Growing Up Instead Of Out

 

Growing Up Instead of Out — Expanding Your Grow Operation Vertically

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Climate Heat Mapping For Indoor Growing Environments

How Detailed Monitoring And Analytics Using Pinpoint Climate Heat Mapping Can Boost Productivity by Increasing Yields, Reducing Losses and Cutting Down Input Costs. 

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Better Data for Better Results: How Analytics Drive Higher Crop Output

 

Better Data for Better Results: How Analytics Drive Higher Crop Output 

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Topping And Fimming: High-Stress Training For Maximum Yield

 

 

Topping and Fimming: Using High-Stress Training to Maximize Crop Quality and Yield 

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Keeping the Bugs at Bay

 

Keeping the Bugs at Bay – Preventing Pests in Controlled Environments adfadfadfadfasdf

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How Much Water Is Enough?

Promoting Healthy Plant Growth While Minimizing Waste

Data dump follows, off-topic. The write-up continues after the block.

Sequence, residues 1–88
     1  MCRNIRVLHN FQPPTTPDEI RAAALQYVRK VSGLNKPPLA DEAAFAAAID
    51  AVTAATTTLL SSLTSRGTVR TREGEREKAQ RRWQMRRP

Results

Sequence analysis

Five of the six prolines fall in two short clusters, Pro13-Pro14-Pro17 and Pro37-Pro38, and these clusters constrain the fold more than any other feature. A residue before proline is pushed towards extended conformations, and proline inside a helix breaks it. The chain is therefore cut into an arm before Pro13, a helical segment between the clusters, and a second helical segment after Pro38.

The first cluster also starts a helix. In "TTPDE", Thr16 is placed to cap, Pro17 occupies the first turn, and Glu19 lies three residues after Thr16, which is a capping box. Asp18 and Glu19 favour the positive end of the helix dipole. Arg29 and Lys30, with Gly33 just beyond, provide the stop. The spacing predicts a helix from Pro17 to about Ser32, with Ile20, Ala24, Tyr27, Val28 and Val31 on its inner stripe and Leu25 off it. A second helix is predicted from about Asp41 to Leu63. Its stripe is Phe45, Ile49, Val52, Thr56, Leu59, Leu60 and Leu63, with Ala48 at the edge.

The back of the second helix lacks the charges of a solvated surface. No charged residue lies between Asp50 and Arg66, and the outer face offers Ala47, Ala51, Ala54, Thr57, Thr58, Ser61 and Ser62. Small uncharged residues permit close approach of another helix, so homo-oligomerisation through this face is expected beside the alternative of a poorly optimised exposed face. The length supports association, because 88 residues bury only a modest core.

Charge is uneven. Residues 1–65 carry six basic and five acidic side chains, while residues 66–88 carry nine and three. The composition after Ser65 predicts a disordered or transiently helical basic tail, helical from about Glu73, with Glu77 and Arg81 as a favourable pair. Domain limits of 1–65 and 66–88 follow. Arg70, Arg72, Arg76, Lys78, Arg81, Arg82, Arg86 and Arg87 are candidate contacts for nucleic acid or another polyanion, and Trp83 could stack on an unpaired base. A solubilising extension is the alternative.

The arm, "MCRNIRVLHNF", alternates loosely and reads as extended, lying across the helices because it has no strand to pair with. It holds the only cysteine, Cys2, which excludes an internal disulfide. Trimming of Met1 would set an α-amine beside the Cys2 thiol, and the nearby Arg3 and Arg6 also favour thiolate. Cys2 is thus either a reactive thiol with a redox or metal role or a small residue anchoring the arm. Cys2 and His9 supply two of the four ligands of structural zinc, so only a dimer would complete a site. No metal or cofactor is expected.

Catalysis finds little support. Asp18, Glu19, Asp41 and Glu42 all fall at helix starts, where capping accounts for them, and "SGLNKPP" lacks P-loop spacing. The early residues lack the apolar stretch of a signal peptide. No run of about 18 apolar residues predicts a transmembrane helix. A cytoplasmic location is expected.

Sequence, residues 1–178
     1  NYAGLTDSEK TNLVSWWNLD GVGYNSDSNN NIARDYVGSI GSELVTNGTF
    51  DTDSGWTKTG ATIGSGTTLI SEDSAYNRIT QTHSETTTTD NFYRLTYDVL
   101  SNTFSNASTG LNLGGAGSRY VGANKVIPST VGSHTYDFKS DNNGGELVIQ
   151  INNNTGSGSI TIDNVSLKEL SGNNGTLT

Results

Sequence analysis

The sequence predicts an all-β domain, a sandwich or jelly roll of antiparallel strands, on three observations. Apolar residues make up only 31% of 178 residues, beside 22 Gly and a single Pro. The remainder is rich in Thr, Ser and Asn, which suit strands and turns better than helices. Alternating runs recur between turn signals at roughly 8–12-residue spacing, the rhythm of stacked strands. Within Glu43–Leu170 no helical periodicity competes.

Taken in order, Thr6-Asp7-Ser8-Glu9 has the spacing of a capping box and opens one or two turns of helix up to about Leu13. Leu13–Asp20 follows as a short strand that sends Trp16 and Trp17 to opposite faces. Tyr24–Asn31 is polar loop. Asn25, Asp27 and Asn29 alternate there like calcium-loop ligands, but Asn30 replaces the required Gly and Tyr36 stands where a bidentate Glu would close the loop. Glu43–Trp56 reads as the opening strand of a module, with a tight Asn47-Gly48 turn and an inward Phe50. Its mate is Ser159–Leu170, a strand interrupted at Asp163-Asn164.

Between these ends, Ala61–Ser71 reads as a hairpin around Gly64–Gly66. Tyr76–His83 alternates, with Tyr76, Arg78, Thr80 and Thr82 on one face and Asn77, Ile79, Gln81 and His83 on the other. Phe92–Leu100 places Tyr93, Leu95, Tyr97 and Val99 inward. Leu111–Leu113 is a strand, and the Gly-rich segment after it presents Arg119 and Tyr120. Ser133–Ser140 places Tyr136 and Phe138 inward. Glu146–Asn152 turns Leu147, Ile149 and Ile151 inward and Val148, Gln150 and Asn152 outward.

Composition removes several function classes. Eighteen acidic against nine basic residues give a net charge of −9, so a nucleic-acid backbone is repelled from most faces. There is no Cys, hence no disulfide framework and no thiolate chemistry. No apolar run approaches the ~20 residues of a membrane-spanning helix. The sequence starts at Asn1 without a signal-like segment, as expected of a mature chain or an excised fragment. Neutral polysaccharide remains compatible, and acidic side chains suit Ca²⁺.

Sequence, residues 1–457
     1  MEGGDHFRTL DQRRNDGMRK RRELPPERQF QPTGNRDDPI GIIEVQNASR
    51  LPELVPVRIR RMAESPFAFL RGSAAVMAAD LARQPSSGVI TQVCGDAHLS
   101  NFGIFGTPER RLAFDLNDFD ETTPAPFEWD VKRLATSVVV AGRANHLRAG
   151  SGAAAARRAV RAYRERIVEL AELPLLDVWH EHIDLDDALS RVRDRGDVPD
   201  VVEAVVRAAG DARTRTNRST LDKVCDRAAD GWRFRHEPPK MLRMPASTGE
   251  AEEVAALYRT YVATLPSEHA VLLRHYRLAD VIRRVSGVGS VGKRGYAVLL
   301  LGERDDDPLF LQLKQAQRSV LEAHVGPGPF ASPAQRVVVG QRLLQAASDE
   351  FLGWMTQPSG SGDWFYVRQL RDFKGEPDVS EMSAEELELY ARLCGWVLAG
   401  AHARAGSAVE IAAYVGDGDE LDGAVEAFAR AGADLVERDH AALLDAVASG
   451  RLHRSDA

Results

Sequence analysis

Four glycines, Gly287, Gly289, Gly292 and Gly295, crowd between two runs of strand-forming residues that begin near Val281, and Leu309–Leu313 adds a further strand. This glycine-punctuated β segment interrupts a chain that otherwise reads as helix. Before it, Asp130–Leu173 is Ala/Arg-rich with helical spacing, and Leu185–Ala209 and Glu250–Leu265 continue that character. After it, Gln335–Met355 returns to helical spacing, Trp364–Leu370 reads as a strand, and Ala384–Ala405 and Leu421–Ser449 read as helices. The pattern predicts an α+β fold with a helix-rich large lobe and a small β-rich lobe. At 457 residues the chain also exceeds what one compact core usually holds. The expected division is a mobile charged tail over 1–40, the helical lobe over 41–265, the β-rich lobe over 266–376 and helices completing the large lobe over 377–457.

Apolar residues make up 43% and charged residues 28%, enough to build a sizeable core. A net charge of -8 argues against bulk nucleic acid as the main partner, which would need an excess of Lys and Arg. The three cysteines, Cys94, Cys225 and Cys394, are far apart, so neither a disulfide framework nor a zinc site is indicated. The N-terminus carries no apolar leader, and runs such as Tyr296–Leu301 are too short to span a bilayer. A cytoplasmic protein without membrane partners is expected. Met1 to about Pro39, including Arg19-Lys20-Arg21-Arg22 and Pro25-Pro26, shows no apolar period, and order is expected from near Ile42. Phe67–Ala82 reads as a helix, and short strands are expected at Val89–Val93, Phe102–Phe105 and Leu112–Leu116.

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Controlling Temperature & Humidity in a Greenhouse

How to Keep Greenhouse Conditions Optimal for Plant Growth

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How to Prevent Nutrient Deficiency in Plants with Automation

Preventing Nutrient Deficiency In Greenhouse Plants with Automation

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A Quick Guide to Grow Lights: Which Should You Use For Your Indoor Farm?

 

Of the countless variables that go into running a successful indoor growing operation, installing the right lighting is one of the more crucial. Even if you have the most advanced greenhouse control system or the best fertilizer, if this one variable is off, your plants won’t be able to reach their maximum growth potential.  

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Is Your Controlled Environment Working? Watch For These KPIs

The ultimate goal for controlled environments? Higher, faster, more easily repeatable yields. One 25,000-square meter Japanese indoor farm produces 10,000 heads of lettuce per day, which is an impressive 100 times more per square foot than traditional, outdoor farming methods. This yield is accomplished with 40 percent less energy, 80 percent less food waste, and a mind-blowing 99 percent less water than traditional, outdoor agriculture. According to USDA data, the average yield for conventionally grown tomatoes in 2016 was 1.85 pounds per square foot, while greenhouse tomato growers saw yields of 10.59 pounds per square foot.

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